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Wednesday, July 14, 2010

Al Stewart: 24 Carrots


1) Running Man; 2) Midnight Rocks; 3) Constantinople; 4) Merlin's Time; 5) Mondo Sinistro; 6) Murmansk Run/Ellis Island; 7) Rocks In The Ocean; 8) Paint By Numbers; 9) Optical Illusion.

How hard is it to produce an Alan Parsons album if you are only Al Stewart, and the real Alan Parsons is no longer there to assist you in sacrificing to that dangerous deity known as The Lord MOR? Answer: very, very hard. And in the Eighties — pretty much impossible even if you are Alan Parsons himself, rather than Al Stewart.

24 Carrots is not nearly as depressing as some of Al's later variations on the life support system, but, in terms of living/breathing instruments, it is almost non-existent. Not only Parsons, but Tim Renwick as well has vanished — in fact, pretty much the entire backing band is newly assembled, headed by professional, but way too technically-minded fusion guitarist Peter White, who also assists Al with much of the songwriting. The electronic currents have not yet gained the upper hand, but all of the riffs and even most of the solos have a decidedly programmatic aura around them; new producer Chris Desmond turns out to be twice the mathematician Alan Parsons used to be, but without the latter's understanding of the concept of beauty — as Pythagorean as it was with Parsons, at least he trusted the Muse to guide him. The guidance patterns of Chris Desmond are unknown to me, and I'd rather not guess.

Much of the material is catchy, as usual, but this is the first Stewart record which actively brings on the question — why do we have to listen to it? Who needs an impoverished, third-rate copy of Year Of The Cat? The only new ingredient is a brand of faster-paced, slightly crunchier, harder-rocking near-dance numbers that are, at best, undistinguishable from generic mid-to-late Seven­ties radio fodder ('Paint By Numbers', although I admit the guilt of really digging the ecstatic guitar solos — so predictable, but so brilliantly constructed!), and, at worst, designed as corny jokes but not immediately guessable as such ('Mondo Sinistro' — unless you have a very, very wide-reaching sense of hu­mor that allows you to openly enjoy Benny Hill with the same passion as Monty Python, you will probably deem this the worst Stewart song written up to that point).

Apart from this questionable innovation, what is there to tell? A few of the songs are relatively un­marred by the antiseptic production and bring on vague recollections of Stewart's pre-Parsons years: e. g. the mandolin-heavy waltz of 'Rocks In The Ocean' and the medievalistic 'Merlin's Time' (al­though the latter is awfully derivative of 'Jerusalem', I must say). The lead single 'Mid­night Rocks' comes with the obligatory sax solo, but is no 'Year Of The Cat' for sure. 'Constan­tinople' is the obligatory history listen to remind you of the fateful events of the year 1453 thro­ugh politically incorrect lines like "I see the hosts of Mohammed coming" and a permanently wailing, never erring guitar riff that periodically disintegrates into a flurry of permanently wailing, never erring guitar solo notes.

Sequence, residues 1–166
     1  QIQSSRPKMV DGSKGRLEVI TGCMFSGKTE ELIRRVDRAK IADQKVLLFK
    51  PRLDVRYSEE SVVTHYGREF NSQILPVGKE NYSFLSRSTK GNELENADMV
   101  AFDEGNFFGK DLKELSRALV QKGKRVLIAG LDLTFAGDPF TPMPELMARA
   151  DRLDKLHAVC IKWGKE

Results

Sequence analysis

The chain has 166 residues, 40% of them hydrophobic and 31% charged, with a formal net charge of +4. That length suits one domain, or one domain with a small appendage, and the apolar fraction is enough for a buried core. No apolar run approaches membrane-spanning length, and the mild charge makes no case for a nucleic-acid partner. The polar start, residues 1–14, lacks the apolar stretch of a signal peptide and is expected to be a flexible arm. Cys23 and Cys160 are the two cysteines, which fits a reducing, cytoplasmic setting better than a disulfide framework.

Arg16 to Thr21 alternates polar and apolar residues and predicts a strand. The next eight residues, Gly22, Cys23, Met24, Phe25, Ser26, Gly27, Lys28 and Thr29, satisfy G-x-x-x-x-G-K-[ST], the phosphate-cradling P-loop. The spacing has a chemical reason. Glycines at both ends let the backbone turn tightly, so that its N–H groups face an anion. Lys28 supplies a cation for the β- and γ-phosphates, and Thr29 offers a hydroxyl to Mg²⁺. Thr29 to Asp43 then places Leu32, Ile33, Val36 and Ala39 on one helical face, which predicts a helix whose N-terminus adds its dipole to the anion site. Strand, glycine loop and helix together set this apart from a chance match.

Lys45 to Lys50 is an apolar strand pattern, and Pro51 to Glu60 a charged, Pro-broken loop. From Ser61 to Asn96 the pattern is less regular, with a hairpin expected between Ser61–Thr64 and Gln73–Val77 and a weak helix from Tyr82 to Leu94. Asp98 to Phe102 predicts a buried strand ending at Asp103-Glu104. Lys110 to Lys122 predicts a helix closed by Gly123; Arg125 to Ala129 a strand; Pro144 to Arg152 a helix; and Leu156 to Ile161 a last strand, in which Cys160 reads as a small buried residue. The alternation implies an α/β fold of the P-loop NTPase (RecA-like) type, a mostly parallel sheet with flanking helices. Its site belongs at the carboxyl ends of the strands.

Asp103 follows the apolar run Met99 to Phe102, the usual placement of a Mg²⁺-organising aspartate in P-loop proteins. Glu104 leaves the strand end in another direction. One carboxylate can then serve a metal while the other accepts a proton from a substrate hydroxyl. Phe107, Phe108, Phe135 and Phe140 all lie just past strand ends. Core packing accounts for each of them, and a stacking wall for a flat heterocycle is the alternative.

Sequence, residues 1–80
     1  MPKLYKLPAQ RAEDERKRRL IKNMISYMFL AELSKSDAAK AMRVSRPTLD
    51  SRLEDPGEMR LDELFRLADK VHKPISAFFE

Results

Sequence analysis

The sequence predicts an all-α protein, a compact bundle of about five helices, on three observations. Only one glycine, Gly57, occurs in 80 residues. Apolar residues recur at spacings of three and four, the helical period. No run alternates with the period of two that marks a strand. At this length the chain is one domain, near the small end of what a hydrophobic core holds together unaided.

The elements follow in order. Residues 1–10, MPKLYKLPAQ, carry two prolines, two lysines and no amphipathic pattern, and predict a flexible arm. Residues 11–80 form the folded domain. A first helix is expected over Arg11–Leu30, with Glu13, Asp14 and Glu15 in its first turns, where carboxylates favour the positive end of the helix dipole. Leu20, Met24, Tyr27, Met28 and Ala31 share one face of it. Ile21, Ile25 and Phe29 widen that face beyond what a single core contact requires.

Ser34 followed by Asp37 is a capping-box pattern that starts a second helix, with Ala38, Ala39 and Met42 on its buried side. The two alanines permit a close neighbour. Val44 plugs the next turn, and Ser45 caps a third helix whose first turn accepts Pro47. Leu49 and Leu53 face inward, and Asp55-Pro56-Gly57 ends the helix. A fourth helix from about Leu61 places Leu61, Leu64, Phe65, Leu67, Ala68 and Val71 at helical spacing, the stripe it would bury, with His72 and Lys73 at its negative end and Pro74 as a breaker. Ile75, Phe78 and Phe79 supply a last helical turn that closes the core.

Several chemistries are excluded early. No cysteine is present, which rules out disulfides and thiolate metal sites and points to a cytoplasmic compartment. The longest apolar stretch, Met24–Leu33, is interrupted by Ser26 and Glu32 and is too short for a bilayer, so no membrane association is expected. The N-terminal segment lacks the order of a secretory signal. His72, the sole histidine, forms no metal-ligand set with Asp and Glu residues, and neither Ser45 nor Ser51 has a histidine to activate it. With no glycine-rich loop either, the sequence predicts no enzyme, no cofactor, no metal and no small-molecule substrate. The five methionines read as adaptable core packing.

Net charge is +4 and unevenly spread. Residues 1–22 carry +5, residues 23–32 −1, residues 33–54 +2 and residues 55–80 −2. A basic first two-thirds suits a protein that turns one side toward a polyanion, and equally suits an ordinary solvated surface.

If you are younger than Christ and your blood is still boiling, do not come near the record — its vibes will most likely be atrocious, as befits the vibes on any essentially stillborn album. If, on the other hand, you have somewhat calmed down, you might understand my thumbs up: 'Mondo Sinistro' is the only true crime against good taste on here, and there is plenty of melodicity, in­telligence, and — not the least important — humility to keep a middle-aged person satisfied.


  1. Oh this naughty "Mondo Sinistro"... I won't pretend I've loved it at first (more like : "what the f#$@ is that ?") but got accustomed to that goofy voice and kinky lyrics. Not every Stewart's song must be "Roads to Moscow" and that's a good thing.
    As a whole I'd say it's his most diverse album so far and one of my favourites. "Paint by numbers" rocks, "Optical Illusion" is a fascinating ode to lonely drinking and you've got to dig that wild sax solo on "Midnight Rocks" !

  2. I think you need a sense of humor to like Mondo Sinistro. Fortunately, I have one.

    This record is an improvement over Time Passages in my book, and perhaps the last classic Al album depending how you look at it. I find it interesting that the record company wanted to cut the sax solo on Midnight Rocks and Al wanted to keep it. I would have thought the suits would have been crying out for another Year of The Cat. This record had a very frought production and more or less marked the end of Al as a major commercial artist.

  3. "I think you need a sense of humor to like Mondo Sinistro."

    Implication understood, but Al Stewart trying to enter Sparks territory - without warning - is a risky proposition a priori. My sense of humor in this case has been reared on "La Dolce Vita", I can only view 'Mondo Sinistro' as an unsuccessful, unfunny stylization.

  4. "reared on "La Dolce Vita""

    Oh well, if you were reared on High Culture like that I can understand.

  5. He, someone's not familiar with disco/techno-pop period Sparks.

  6. Nice review. As far as "Mondo Sinistro," I always thought of it as his take on Roxy Music's later music. I rather enjoy it, and be sure to check out the recently posted video of the song on YouTube.

    Best track of the album for me is "Rocks in the Ocean."